Citrix: Losing Windows 7 corporate upgrade tailwind?

It's unclear whether Citrix can continue to grow its virtualized desktop licenses when the Windows 7 corporate upgrade cycle is near the finish line.
Written by Larry Dignan, Contributor

Citrix has been riding a Windows 7 corporate upgrade cycle in recent years, but as 70 percent of enterprises have upgraded the desktop virtualization player is likely to see growth headwinds ahead.

Morgan Stanley analyst Adam Holt downgraded Citrix on Monday based on the argument that the company will face tougher growth comparisons in 2013. In a nutshell, Holt expects organic license and billings growth to slow in 2013. The biggest culprit is a Windows 7 upgrade cycle that has largely played out. Holt said:

Windows 7 Has Peaked, PCs Slowing. Greater than 50% of enterprise PCs have moved to Win 7 and we will exit CY12 w/close to 70% migrated. While the migration will continue in CY13, the Win 7 tailwind will slow next year as will corporate PC growth. Data from the channel has started turning worse and our hardware team is lowering its '12 and '13 commercial PC estimates today to negative growth for CY12 and 13. As many as 90% of the PCs virtualized by Citrix are Win 7 PCs, and the upgrade to Win 7 is a driver that will abate while a down corporate PC market is not good for the Citrix's desktop business.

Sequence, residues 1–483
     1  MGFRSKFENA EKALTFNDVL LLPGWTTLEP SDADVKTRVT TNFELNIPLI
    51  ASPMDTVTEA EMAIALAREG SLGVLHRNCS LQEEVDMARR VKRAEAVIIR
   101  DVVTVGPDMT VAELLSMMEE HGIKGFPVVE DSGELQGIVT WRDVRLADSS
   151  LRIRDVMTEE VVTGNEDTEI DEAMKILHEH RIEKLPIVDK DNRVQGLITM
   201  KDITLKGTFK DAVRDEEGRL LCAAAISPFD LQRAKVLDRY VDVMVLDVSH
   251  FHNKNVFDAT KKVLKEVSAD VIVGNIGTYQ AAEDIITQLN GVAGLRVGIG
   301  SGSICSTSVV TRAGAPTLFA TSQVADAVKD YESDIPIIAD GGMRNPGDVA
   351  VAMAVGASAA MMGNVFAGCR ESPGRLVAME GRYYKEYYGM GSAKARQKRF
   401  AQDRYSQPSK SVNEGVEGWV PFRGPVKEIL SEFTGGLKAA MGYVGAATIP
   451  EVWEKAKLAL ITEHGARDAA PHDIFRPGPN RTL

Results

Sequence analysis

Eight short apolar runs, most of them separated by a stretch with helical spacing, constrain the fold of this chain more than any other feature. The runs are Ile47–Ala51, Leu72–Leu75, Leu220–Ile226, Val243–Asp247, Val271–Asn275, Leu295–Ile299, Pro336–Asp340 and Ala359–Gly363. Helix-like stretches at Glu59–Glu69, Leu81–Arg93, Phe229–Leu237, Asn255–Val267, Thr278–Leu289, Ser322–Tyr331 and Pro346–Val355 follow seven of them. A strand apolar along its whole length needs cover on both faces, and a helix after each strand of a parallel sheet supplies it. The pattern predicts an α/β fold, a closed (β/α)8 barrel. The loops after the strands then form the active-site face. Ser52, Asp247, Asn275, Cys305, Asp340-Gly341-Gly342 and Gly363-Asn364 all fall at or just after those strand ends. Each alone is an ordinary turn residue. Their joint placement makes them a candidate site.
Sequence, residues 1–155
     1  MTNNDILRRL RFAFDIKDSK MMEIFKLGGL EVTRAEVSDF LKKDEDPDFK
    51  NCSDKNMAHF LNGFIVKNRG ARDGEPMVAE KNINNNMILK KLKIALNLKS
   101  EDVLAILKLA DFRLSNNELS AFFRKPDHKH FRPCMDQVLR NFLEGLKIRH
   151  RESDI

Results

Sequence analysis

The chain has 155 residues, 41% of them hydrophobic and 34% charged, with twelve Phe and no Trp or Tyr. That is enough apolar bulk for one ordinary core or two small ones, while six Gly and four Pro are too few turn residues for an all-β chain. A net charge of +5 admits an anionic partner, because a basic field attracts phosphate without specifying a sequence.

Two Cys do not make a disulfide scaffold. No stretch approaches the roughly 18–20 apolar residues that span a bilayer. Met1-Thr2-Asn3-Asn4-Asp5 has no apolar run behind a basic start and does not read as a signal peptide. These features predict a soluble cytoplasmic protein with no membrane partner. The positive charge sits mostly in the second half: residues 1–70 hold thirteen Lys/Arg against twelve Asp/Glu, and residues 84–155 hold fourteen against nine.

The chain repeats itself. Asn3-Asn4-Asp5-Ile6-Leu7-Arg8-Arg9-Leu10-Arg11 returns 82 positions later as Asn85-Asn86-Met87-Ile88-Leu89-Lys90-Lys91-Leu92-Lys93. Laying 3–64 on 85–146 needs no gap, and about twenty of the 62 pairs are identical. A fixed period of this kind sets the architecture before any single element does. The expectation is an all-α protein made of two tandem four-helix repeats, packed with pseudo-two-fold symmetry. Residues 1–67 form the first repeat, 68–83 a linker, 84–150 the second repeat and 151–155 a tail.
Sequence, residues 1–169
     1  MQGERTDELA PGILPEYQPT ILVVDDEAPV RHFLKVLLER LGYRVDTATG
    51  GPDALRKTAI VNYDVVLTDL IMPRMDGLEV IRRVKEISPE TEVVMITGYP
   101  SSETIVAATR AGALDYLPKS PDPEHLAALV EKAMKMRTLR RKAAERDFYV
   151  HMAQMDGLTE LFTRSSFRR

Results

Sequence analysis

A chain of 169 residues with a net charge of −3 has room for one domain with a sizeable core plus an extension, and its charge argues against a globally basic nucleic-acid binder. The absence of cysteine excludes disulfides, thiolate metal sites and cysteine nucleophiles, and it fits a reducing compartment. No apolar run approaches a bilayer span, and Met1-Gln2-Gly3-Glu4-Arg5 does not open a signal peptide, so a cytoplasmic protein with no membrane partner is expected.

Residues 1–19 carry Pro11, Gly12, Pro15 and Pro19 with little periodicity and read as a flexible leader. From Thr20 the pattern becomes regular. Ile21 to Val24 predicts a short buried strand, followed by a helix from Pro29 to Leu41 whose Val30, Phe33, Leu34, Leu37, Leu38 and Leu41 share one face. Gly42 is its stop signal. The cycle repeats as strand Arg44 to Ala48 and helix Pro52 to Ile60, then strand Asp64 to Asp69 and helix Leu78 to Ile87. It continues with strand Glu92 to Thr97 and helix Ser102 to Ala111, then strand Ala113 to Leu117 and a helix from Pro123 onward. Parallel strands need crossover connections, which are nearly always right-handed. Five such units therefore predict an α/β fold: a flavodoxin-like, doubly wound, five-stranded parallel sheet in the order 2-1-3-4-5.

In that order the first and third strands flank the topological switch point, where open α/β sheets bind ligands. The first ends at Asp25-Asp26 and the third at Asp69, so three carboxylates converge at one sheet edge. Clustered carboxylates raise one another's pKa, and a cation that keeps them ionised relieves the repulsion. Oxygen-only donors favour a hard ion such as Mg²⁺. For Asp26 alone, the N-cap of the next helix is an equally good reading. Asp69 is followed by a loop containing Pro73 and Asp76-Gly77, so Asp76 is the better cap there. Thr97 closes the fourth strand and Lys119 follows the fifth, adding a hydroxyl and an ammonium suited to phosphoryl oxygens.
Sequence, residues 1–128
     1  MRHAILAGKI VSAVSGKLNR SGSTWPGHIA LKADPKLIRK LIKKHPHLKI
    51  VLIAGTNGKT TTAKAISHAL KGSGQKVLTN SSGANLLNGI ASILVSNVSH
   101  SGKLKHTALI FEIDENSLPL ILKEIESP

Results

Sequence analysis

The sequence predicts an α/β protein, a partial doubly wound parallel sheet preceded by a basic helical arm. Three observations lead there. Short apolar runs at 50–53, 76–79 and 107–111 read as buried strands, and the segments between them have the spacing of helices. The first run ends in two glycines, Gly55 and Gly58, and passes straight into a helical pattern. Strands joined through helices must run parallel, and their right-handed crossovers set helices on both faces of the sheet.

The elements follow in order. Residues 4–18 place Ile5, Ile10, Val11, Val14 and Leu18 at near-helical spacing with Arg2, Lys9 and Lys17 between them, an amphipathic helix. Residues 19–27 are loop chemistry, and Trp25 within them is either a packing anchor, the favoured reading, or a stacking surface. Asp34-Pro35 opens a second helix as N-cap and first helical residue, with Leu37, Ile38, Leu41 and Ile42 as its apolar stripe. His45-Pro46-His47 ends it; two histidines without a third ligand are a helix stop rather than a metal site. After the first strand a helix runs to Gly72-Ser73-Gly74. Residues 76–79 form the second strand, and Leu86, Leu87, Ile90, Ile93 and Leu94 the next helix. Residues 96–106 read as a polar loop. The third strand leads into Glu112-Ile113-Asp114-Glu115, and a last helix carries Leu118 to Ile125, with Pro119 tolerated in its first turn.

Holt's downgrade is notable for a few reasons. First, corporations aren't likely to upgrade to Windows 8 when they just implemented Windows 7. It's not like Citrix will get much of a Windows 8 pop. And then there are Citrix's other businesses like NetScaler and GoToMeeting, which do well but lack the girth of the virtualized desktop unit.


The Morgan Stanley analyst also noted that Citrix's penetration growth has outpaced billings. Simply put, customers paid in advance, Citrix recognized the revenue and Xen App is being installed now.

Citrix has positioned itself well to be a post PC company with the ability to take enterprise desktop apps and deliver them on tablets and smartphones. However, Citrix has been best positioned as a desktop virtualization player. If enterprises go to a post-PC era, Citrix will do well, but still have to offset its core desktop business. Citrix's license growth has correlated with PC sales, which happen to be slowing.

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